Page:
At first flush, things looked good when I got my knives back. The blades were pleasingly sharp. My favorite way to test this is by holding a sheet of newsprint by the top corner and drawing a blade across the paper’s edge. It should slice through easily, and the Knife Aid blades did a good job here. I also made a little before-and-after spreadsheet of everything I sent in and was able to note that things like the tiny dings had been removed from my santoku, the slicer, and both pairs of shears. I was particularly impressed with the work done on Dave’s pocket knife, a Gerber with a half-lentil sized chip in the center of the edge; the Knife Aid sharpener worked the whole blade down to remove the ding and preserve its original swoop.

Similarly, a bit of the curve was restored to an old favorite, my Wusthöf Grand Prix chef’s knife that I got as a gift at the beginning of my cooking career from my friends Shannon and Eric. That knife had been fairly ruined 20 years ago by a drive-up lawnmower blade specialist in Mill Valley, California. He’d been overzealous, creating a gap that was quite noticeable when chopping a pile of parsley; the bits under the inch of the blade closest to the handle wouldn’t be sliced all the way through. A subsequent repair effort here in Seattle left it better but lifeless. Now, with Knife Aid, a bit of that swoop had been restored.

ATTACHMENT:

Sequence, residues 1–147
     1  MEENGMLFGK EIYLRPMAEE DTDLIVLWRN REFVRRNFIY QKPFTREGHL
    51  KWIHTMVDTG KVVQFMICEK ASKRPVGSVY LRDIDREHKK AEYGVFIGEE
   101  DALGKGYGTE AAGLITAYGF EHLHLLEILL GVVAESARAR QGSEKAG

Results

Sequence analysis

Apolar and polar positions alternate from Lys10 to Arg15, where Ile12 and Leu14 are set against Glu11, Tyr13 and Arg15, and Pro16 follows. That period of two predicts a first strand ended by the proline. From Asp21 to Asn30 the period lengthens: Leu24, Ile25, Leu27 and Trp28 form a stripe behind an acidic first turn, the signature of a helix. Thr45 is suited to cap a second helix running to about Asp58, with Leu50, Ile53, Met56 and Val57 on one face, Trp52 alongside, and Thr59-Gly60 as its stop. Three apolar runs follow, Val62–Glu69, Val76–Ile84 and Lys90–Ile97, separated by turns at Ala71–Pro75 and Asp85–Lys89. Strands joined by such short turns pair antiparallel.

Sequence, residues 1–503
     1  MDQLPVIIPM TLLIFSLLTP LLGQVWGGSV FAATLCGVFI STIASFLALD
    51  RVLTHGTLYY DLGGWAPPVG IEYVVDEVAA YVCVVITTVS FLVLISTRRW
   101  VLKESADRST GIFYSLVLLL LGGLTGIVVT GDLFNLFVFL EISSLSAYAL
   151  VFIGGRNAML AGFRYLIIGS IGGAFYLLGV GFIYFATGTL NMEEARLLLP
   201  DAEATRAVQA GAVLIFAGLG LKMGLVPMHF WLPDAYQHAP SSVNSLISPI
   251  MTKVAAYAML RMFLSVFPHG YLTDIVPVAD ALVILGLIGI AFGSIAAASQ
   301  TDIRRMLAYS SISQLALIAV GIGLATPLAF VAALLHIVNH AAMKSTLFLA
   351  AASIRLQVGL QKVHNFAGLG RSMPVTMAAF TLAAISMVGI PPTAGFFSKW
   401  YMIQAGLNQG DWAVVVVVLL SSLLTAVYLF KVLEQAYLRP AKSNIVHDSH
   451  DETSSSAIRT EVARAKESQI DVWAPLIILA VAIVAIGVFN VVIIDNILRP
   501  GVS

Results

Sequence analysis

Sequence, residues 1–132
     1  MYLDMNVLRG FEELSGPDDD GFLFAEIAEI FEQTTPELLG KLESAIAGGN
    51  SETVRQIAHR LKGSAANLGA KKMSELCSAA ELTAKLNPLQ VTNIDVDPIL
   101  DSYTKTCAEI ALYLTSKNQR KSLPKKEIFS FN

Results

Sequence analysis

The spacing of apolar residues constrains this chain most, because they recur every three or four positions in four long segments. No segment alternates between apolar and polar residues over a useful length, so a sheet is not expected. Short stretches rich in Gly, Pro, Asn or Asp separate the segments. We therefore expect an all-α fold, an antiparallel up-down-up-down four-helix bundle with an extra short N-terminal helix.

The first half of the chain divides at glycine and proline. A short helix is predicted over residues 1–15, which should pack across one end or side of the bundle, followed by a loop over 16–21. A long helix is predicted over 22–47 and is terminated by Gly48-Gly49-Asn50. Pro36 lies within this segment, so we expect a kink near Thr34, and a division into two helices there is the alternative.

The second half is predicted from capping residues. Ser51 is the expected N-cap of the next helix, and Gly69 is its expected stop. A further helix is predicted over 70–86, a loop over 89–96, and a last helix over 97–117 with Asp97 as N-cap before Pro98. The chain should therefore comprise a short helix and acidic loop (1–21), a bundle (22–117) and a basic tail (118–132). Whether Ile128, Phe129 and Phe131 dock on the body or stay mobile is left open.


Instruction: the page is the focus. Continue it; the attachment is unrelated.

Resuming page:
Once I started using my newly sharpened knives in the kitchen, though, a different picture emerged. Several knives appeared to have a defect in the sharpening similar, though less drastic, to what happened with my old Wusthöf, creating a space known as a “swale” or hollow at the back end of the blade, where the edge didn’t come in contact with the cutting board. Here’s a photo that shows an exaggerated example of what that looks like.

pAn exaggerated example of a swale. This isn't a blade that Knife Aid sharpened it's just a beater I had lying around.p

An exaggerated example of a swale. This isn’t a blade that Knife Aid sharpened, it’s just a beater I had lying around.

Photograph: Joe Ray

If one knife had come back with that swale, it would have been disappointing. Two knives would be bad. But four? I felt gaslit. Every time I chopped a pile of parsley or sliced a leek, there was a part where the knife didn’t slice clear through. I knew I couldn’t be wrong.

To make sure, I asked a chef friend to put me in touch with his favorite local sharpener, Bob Tate, who ran Seattle Knife Sharpening and Supply. Without telling Tate the name of the service I was reviewing, I sent him photos of the knives in question, with the edge of each on the cutting board and the sun behind them so you could see the light streaming under the blade.

Image may contain Plant Sliced Food Vegetable and Onion

After slicing leeks, I could see places where the knife didn’t cut clear through.

Photograph: Joe Ray

Image may contain Wood Hardwood Flooring Floor and Plywood

The best way to see if a knife has a swale is to place the cutting edge on a flat surface and look for a gap near the bolster.

Photograph: Joe Ray

“Ah. Yes,” he said, with a note of resignation to his voice. “I deal with this all day, every day.”